So far, in our classroom on caring for a friend with depression, we have covered how to: spot depression in a friend, talk them about it and how to help them find help and go through treatment. This final lesson we will address two important topics. Firstly, how to respond if you believe your friend is at risk of suicide. Secondly, how to look after your own mental health when caring for someone with depression. Most of us don’t like to like to think about the idea that one of our close friend’s would even consider suicide. However, educating yourself about how to respond could help you save a life. With fast-paced Beijing life it is easy to get stressed and low anyway. The added stresses from caring for someone with depression can have severe toll on mental health. These guidelines can help you look after your mental health in a proactive way.
Lesson 6.3 Caring for a friend with depression- reacting to suicide/crisis situations
Be aware of the risk signs of suicide. Knowing common signs that someone is suicidal can help you know when to act. Remember different people show different signs of being in a crisis state and for some the signals may be more subtle. Trust your gut feeling and if you think something is wrong take action.
If you believe your friend is at an immediate risk of suicide, do NOT leave them alone! Call emergency services as your friend may need to be admitted to hospital.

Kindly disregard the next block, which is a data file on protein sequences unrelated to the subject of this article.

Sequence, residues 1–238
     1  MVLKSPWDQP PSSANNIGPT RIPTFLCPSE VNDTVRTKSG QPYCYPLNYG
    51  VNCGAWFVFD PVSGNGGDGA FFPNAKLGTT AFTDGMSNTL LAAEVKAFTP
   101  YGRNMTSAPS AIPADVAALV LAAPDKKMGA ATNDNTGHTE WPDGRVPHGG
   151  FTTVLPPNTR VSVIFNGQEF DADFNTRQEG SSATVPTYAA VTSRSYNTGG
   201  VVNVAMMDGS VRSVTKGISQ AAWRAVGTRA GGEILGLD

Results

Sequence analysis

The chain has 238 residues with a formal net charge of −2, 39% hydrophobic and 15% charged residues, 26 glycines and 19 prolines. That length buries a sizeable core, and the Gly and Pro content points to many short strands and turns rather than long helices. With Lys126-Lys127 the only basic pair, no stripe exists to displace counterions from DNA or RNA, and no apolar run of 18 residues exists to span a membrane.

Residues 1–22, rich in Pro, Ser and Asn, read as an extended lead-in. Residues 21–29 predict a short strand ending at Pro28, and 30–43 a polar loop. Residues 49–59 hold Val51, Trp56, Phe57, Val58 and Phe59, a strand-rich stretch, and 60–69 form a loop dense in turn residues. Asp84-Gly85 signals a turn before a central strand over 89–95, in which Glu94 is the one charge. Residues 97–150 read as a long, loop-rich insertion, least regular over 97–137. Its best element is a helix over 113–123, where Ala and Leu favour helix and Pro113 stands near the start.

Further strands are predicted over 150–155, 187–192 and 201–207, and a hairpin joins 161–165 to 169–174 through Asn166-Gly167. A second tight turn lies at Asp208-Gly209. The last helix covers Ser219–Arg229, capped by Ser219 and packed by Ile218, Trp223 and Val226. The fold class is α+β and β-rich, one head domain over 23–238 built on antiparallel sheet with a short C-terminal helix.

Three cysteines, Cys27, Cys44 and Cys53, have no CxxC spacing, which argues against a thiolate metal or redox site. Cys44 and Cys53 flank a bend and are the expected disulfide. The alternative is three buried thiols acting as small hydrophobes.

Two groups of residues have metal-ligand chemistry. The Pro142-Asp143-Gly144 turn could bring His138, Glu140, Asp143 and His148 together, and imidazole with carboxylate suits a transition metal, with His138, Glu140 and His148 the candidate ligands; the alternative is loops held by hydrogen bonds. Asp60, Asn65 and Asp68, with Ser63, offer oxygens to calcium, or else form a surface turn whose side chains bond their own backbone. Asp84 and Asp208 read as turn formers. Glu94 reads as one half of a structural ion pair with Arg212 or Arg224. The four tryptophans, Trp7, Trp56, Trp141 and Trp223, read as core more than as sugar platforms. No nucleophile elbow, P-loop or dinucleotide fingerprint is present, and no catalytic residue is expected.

In their 2016 national suicide awareness month campaign the American organization also suggest 5 evidence based actions for responding to a friend in crisis.
Ask: Ask your friend directly if they are considering suicide. Many people worry about putting the idea of suicide in someone’s head, but studies show asking about suicidal thoughts does not increase risk of suicide (e.g. Mathias et al., 2012).
Be there: Talk to your friend about their suicidal feelings “listen without judgement and with compassion and empathy”. You can go Classroom 6.1 for more info on this.
Follow up: contacting and checking in with a friend in the days and weeks after a crisis can help reduce the chance of suicide. Try to contact them on a regular basis.
Help them connect: help your friend reach out to a support system such as therapists, helplines, friends or family.
Keep them safe: If your friend is feeling suicidal. Ask if they have thought about how they would do it. Keep them away from anything they have thought about harming themselves with.
Looking after yourself
To conclude our final lesson we are going to bring you some guidelines for how to balance caring for a friend with looking after your own mental health. “Is it selfish to focus on my wellbeing while my friend is suffering with depression?” Actually, looking after your own mental health is one of the most important things a carer can do. It’s easy for carers to become over stressed and face burnout. To give your friend the best support you can it is important to be proactive about looking after your own wellbeing.